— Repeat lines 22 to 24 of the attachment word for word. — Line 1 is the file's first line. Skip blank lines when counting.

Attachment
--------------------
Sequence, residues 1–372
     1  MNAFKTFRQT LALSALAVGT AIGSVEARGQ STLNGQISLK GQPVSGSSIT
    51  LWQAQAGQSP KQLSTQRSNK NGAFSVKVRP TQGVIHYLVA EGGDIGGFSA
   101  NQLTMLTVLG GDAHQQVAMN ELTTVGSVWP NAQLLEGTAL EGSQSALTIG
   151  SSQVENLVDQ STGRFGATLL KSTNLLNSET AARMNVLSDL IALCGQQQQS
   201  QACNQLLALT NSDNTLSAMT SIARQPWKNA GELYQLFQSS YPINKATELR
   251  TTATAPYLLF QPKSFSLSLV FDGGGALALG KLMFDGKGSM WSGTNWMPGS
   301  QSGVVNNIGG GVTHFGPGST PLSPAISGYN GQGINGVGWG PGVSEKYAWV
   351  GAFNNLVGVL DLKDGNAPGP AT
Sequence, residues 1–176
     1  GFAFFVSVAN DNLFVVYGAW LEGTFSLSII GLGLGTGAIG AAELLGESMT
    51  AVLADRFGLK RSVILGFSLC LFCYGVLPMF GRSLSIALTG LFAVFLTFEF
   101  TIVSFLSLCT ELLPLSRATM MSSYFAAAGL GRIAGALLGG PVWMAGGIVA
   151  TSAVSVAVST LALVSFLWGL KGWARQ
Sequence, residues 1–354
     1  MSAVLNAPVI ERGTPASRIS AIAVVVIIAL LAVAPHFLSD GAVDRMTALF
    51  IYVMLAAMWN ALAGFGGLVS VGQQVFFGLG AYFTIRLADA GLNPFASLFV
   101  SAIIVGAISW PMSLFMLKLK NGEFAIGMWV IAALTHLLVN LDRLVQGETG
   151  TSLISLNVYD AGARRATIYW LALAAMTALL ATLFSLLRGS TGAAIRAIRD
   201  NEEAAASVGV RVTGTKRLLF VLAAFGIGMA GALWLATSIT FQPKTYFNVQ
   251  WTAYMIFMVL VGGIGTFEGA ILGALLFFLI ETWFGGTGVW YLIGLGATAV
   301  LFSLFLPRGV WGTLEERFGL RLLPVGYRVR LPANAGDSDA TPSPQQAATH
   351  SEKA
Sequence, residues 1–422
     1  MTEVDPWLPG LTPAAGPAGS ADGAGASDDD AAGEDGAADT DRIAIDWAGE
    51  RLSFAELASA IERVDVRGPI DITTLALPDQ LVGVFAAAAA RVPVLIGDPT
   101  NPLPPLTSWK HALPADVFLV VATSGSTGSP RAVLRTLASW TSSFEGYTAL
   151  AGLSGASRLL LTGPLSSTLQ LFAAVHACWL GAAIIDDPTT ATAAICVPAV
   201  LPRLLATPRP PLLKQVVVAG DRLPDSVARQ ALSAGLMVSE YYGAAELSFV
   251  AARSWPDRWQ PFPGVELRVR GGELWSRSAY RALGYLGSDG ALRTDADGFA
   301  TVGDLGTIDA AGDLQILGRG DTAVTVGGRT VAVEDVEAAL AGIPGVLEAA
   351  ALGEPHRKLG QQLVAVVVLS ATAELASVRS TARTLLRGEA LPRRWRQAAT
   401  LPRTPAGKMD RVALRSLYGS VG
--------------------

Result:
   301  LFSLFLPRGV WGTLEERFGL RLLPVGYRVR LPANAGDSDA TPSPQQAATH
   351  SEKA
Sequence, residues 1–422